Claimant was removed from the scene and Vaughn placed the fallen window into the
kitchen. Vaughn does not know what happened to the window after
Vaughn reported claimant's accident to the watch commander and prepared a
written memorandum which stated that Vaughn was "told that this window had been
repaired before by institutional maintenance" (Ex. 7). Vaughn also noted that
he had checked the tracks for the window and they appeared to "have been
outwards which can cause the windows to rattle when wind blows" (Ex.
7, emphasis in original). On cross-examination, Vaughn maintained that the
reference to repairs in his memorandum was to winterizing procedures that are
performed every fall. Vaughn testified that there were no signs of rust on the
window. According to Vaughn, all of the other windows in the mess hall were
Vaughn testified at trial that he had heard rattling on a number of occasions
prior to claimant's accident, but that he was not sure if he had heard rattling
on that day. When confronted with his EBT testimony that he heard rattling on
the day of claimant's accident, Vaughn then recalled having heard the noise at
6:00 a.m. that day. Vaughn never reported any rattling.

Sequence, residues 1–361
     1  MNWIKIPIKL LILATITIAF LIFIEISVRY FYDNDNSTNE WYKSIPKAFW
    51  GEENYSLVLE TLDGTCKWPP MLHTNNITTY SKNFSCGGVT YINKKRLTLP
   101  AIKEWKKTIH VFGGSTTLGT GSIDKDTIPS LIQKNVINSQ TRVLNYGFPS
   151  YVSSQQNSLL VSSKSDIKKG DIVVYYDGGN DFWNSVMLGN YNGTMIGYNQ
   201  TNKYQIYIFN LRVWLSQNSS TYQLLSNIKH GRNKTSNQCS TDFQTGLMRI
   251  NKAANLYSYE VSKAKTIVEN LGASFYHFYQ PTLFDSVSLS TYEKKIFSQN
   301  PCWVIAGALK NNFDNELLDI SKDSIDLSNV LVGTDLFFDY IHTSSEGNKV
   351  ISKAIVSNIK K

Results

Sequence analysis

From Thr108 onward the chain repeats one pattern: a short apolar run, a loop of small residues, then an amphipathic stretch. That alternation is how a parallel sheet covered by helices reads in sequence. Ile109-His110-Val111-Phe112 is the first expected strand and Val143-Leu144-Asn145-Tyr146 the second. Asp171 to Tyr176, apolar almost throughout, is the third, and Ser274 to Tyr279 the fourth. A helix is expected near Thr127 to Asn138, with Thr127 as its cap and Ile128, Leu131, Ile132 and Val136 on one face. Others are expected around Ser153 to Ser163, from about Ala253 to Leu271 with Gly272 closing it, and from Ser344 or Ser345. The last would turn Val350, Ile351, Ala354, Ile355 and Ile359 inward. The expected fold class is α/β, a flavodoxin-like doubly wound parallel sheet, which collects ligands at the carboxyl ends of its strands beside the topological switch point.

Sing Sing Security Directive 546 provides that a weekly inspection be made of
all bars, locks, windows, doors and other security devices and Vaughn testified
that correction officers were responsible for inspecting the windows weekly (Ex.
15). Vaughn testified that any deficiencies in the windows found as a result of
an inspection would be noted in the watch commander's logbook; however the
logbook had been destroyed in a flood and was therefore not produced in
connection with this trial.
that he recalled making a cursory inspection of the windows as he walked through
the mess hall on November 11, 1994. He did not, however, include this
information in his report, nor did he mention it at his EBT. In fact, there was